Daily news roundup for Tuesday, April 7, 2015
Here's what's happening in the Bay Area as curated by KALW news.
Poverty rate still near all time high in bay area // SF Biz Journal
"Not all ships have risen with the tide, especially in the Bay Area. The poverty rate in the region still hovers near its all-time high, with more than 800,000 people living below the poverty line.
"About 11.3 percent of those living in the Bay Area are existing at or below the poverty line, according to a new report out on Wednesday from the Joint VentureSilicon Valley Institute for Regional"
Bench Projects // East Bay Express
"For years, Ellen Lake has been seeing the same ad on a bus bench near her home in North Oakland. “ADVERTISE HERE,” it read. Finally, she decided that someone should be utilizing the space. With the help of an Alternative Exposure grant, she started Bench Projects, an artist-led initiative to occupy Oakland’s bus stop benches with art."
"A state senator on Monday expressed his concerns about Apple’s policy of not hiring construction workers with past felony convictions at the tech giant’s new campus.
“There are certain positions where there is some nexus between the crime committed and the position offered. Construction does not appear to be one of those,” said State Sen. Mark Leno, D-San Francisco. “In this situation, I would strongly suggest that this policy be changed.”
Union leaders told The Chronicle that several workers suddenly lost their jobs building Apple’s new campus in January because they had past felony convictions."
Complaints about homeless continue as new approach begins // Mission Local
"Blocked sidewalks, litter, discarded needles, drug and alcohol abuse, and threatening behavior by homeless individuals have long been thorns in the sides of Mission residents, especially those with children, and many say the situation has worsened as homeless encampments on their streets become more entrenched.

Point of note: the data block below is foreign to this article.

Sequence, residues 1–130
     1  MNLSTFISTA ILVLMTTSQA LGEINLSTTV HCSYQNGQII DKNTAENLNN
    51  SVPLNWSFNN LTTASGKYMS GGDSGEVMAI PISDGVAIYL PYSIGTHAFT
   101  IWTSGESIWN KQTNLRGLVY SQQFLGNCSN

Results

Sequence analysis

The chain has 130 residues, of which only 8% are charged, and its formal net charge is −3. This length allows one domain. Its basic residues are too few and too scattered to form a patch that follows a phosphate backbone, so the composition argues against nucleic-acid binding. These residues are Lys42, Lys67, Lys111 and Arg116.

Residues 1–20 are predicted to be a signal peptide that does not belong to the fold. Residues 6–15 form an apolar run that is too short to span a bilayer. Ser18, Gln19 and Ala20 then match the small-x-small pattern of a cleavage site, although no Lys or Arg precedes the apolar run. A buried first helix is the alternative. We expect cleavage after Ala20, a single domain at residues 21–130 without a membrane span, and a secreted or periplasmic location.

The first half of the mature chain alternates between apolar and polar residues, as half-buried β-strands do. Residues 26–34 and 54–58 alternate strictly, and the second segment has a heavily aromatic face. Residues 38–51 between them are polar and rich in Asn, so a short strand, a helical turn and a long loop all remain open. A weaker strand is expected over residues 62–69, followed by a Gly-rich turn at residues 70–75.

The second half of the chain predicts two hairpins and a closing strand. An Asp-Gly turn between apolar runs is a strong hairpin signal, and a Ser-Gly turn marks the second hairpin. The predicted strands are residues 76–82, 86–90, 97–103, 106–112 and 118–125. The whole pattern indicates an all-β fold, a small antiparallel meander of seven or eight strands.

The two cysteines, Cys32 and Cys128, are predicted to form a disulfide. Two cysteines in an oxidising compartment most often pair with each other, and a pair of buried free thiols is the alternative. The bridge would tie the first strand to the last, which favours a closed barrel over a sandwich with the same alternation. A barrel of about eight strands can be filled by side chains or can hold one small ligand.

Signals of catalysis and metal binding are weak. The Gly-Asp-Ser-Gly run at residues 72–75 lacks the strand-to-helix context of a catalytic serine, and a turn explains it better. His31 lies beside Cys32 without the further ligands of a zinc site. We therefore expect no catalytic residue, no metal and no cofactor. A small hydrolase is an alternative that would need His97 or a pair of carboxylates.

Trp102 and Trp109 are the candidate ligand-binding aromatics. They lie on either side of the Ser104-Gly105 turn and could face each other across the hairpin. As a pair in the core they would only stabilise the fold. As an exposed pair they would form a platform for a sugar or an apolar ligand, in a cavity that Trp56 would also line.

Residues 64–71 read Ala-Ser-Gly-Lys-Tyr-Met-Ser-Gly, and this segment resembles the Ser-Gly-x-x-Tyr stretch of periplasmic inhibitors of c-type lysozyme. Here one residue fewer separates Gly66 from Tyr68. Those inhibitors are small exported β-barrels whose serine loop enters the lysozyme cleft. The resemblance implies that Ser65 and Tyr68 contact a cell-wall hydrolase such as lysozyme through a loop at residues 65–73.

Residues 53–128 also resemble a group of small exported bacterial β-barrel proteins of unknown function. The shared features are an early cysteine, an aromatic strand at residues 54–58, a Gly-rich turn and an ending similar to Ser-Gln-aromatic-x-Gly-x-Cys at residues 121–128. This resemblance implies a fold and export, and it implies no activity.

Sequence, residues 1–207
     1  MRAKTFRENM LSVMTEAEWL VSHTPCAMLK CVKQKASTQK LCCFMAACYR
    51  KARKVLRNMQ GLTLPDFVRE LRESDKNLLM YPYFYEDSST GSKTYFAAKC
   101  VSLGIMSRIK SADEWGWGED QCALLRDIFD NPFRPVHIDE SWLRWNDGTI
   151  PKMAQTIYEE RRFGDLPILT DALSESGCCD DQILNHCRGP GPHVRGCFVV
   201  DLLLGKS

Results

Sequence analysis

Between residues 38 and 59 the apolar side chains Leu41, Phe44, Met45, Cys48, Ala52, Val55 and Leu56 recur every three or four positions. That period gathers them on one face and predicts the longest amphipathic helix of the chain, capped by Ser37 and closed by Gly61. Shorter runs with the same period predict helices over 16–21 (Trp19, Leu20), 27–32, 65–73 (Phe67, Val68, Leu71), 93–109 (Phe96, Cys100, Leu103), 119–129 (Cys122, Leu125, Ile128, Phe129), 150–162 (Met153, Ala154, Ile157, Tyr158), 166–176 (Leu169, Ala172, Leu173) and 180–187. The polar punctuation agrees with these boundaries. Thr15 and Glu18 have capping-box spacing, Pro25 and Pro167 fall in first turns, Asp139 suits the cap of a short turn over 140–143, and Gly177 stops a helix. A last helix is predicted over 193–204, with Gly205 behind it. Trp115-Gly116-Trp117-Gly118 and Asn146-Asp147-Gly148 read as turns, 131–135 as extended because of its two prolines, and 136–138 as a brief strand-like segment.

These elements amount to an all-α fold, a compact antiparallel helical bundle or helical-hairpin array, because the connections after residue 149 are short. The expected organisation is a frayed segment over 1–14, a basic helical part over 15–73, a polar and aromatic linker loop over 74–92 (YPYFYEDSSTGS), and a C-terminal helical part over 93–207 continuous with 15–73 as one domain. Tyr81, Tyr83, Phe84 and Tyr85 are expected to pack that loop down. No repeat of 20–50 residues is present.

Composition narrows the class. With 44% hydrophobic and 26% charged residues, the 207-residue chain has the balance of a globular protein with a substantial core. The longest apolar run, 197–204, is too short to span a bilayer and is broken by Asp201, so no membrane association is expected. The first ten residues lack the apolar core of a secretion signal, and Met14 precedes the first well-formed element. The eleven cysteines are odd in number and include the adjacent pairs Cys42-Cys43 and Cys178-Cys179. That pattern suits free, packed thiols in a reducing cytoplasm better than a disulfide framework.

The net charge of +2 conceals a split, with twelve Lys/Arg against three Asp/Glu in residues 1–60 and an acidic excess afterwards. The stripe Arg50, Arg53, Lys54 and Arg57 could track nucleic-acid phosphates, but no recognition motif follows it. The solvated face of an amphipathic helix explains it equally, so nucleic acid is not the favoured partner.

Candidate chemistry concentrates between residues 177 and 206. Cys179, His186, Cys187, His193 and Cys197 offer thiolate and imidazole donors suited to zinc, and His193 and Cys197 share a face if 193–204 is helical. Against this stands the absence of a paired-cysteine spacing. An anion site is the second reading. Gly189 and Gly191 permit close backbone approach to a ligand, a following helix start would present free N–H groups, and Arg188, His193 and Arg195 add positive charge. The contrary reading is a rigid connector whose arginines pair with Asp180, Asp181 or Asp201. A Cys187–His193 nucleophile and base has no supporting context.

"Tuesday night a number of residents who brought their case to Mission Station’s police captain at the monthly community meeting were briefed about the Navigation Center, a new approach by the city to address homelessness. Bevan Dufty, who runs the city’s efforts to help the homeless, fielded questions about the center, which opened this week at the former site of Phoenix High School on Mission Street. The center will be in place temporarily, putting the space to use until planned construction of affordable housing units begins."
Little free library movement begins to blossom in Richmond // Richmond Confidential
"The concept is simple: a handful of books in a wooden box, mounted in a public space. The books are free. Peruse the selection. Take a book if you’d like. Leave a book in its place if you can. Enjoy.
"Called the Little Free Library, these informal neighborhood lending libraries have popped up in front of schools, homes, parks, bike paths and cafes in all 50 states and more than 70 countries since a man named Todd Bol installed the first one in Hudson, Wisconsin, in 2009. North Richmond’s first — and so far, only — Little Free Library was established last summer in front of a community garden lot at 1643 Fred Jackson Way. Along with the library in North Richmond, Richmond is now home to at least three other Little Free Libraries. Cristal Banagan, who installed the Little Free Library at Fred Jackson Way, has big plans to keep them growing."